While the Canadians were looking for the mother and son fugitives, Riverside authorities were excavating the farm based on information provided by Sanford and Cyrus.
 
Sanford claimed Northcott killed three young boys and a Mexican teenager, and buried their remains in graves about three feet deep. Sifting through the dirt, investigators found a few bones that still contained flesh and hair. They also located a “toenail believed from the foot of a 10-year-old boy,” according to contemporary media reports. It appeared that the bodies had been moved before Northcott fled north, for no complete skeletons were found.
 
“I knew of the killings but never saw them,” Cyrus told police. “My wife would go to any extreme, not excepting murder, to please her son.”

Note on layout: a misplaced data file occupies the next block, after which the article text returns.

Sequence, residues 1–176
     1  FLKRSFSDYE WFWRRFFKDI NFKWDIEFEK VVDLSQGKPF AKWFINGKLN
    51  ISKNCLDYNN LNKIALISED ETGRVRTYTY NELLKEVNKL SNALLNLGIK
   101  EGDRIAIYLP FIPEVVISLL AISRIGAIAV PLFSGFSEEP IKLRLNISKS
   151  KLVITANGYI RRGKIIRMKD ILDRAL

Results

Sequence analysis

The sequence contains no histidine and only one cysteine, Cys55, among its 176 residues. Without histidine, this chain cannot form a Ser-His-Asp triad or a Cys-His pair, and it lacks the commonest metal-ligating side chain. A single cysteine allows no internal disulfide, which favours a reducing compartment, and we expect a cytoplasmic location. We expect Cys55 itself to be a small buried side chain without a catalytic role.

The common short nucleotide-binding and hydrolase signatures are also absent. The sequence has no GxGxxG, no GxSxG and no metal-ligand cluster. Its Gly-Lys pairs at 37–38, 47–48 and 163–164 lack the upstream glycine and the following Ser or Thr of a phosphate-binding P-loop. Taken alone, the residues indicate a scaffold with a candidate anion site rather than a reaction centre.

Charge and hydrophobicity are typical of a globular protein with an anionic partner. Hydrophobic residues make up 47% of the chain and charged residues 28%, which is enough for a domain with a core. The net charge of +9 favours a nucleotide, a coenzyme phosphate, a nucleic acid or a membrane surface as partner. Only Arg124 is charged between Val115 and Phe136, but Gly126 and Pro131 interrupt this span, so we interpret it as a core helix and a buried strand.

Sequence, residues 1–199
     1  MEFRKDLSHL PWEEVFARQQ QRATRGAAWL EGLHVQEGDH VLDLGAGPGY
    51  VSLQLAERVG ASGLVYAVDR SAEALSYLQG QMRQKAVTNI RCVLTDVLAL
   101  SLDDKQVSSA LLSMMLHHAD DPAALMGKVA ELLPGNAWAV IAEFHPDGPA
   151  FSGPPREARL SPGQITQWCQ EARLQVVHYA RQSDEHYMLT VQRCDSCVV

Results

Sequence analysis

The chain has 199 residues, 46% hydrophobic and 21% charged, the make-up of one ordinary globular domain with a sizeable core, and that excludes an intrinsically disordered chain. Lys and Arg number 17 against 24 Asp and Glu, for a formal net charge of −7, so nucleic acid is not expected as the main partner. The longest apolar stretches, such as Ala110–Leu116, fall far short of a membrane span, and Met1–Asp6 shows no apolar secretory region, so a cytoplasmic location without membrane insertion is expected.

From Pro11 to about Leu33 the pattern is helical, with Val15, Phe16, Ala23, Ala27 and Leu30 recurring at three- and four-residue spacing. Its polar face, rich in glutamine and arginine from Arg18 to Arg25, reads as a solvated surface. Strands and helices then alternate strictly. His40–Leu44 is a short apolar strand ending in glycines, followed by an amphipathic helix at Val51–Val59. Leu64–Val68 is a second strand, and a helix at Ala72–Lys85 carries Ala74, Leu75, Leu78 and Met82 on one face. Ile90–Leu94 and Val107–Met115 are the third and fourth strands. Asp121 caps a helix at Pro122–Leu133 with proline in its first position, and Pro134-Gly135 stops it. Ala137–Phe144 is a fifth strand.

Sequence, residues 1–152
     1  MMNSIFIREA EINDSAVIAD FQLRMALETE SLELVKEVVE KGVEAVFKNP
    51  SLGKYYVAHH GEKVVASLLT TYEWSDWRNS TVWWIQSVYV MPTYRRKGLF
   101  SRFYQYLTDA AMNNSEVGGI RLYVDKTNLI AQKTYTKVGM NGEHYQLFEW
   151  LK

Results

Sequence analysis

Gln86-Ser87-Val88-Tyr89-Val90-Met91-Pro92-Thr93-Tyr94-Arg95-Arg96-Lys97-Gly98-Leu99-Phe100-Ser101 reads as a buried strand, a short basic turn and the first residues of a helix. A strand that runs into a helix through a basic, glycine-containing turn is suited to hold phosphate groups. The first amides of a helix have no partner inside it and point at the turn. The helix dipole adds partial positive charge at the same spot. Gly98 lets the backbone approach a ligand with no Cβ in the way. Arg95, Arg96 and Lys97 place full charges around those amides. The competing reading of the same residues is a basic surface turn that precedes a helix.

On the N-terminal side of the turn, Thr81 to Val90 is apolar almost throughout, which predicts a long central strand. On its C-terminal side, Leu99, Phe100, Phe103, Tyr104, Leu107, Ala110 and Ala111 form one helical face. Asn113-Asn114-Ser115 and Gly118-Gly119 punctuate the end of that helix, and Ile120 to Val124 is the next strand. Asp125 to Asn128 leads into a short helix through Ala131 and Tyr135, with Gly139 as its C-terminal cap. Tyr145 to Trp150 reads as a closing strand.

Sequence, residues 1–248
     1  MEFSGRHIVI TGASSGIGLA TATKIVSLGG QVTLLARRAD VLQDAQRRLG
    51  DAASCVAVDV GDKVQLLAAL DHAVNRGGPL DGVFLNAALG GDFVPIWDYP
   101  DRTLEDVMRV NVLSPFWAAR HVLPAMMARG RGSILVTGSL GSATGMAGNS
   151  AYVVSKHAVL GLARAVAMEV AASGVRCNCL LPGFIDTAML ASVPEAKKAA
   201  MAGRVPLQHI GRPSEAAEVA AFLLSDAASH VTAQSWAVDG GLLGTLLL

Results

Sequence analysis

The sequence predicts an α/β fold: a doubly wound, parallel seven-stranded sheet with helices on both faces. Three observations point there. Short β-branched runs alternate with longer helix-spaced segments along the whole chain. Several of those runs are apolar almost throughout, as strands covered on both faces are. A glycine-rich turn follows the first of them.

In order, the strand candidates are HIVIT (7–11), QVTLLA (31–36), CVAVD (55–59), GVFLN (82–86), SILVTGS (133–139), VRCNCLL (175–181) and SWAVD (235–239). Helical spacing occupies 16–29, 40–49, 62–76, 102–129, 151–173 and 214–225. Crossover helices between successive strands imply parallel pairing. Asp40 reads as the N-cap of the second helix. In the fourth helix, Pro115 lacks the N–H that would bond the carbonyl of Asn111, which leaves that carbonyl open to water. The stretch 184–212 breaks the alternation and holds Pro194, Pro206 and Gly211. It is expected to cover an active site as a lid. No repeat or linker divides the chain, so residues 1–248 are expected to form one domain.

Sanford told police that Northcott’s first victim was 9-year-old Walter Collins, who had been kidnapped in April 1928. After Walter was dead, Nelson and Louis Winslow were kidnapped, held captive, and then slain. He said Northcott killed the boys with an axe as his mother helped. Under threat of death, Sanford was forced to help dispose of their remains.
 
The last victim was the Mexican youth, whose decapitated corpse was found dumped along side a rural Riverside County road. His head was never found.
 
When Northcott was arrested in Canada, he denied his identity, but positive identification was a simple matter. During his trip back to Southern California, a bit of the old “third degree” helped secure a confession that Northcott was not successful in repudiating.
 
Shortly before Northcott and his mother were to stand trial, Sarah Louisa pleaded guilty to one count of murder in return for a promise by the state not to seek the death penalty. When Northcott learned of his mother’s deal, he threw a temper tantrum, jail guards told the press.